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“How to Lose Friends”? Make a wimpy satire

Simon Pegg and Kirsten Dunst have "a shared moment" in the wimpy "How to Lose Friends."

Simon Pegg and Kirsten Dunst have a "shared moment" in the wimpy "How to Lose Friends."

If I were to be kind, I’d say “How to Lose Friends and Alienate People,” based on Toby Young’s razor-sharp 2003 memoir on his failed writing stint at Vanity Fair, is a passable, uninspired romantic comedy masquerading as a satire. But I don’t want to be kind, mostly because screenwriter Peter Straughan wastes boatloads of promise on mindless slapstick. No, “How to Lose Friends” is, in fact, a toothless satire that devolves into an insipid, grating rom-com with a paint-by-numbers ending. Simon Pegg (so great in “Hot Fuzz” and “Shaun of the Dead”) figures prominently in said ending, starring as Sidney Young, a British tabloid journalist who takes a job at NYC’s Sharps Magazine, owned by tycoon Clayton Harding (a ho-hum Jeff Bridges). A rebellious, “principled” writer, he ignores the magazine’s caste system and clashes with everyone, including snarky but kind coworker Alison (Kirsten Dunst), a slimy editor (Danny Huston) and a sexpot young actress (Megan Fox). Director Robert B. Weide ruins good performances — Pegg is droll and delightful; Dunst is sweet, not cloying; Fox is, well, a fox who understands comic timing  — with far-too-long gags involving pig urine, a dead Chihuahua, half-masticated sandwiches and more. Ugh. Go see “Beverly Hills Chihuahua” instead; expect twice the bite and half the crushing disappointment.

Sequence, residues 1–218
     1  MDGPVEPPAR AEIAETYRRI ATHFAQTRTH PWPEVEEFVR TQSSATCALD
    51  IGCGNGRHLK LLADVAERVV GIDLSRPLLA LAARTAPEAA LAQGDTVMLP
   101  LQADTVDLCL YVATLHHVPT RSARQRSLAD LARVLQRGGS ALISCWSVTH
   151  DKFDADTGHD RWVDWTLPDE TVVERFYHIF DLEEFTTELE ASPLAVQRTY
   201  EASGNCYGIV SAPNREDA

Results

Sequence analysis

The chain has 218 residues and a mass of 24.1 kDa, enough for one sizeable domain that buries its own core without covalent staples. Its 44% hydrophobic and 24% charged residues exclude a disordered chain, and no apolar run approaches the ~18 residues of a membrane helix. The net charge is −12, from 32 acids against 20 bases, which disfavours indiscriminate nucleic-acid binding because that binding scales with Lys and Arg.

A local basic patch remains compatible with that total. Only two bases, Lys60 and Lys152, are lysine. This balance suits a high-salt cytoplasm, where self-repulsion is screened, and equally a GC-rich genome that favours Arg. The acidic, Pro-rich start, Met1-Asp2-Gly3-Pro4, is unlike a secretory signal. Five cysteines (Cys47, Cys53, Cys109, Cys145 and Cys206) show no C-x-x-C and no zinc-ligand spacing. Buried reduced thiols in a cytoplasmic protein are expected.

Grade: D-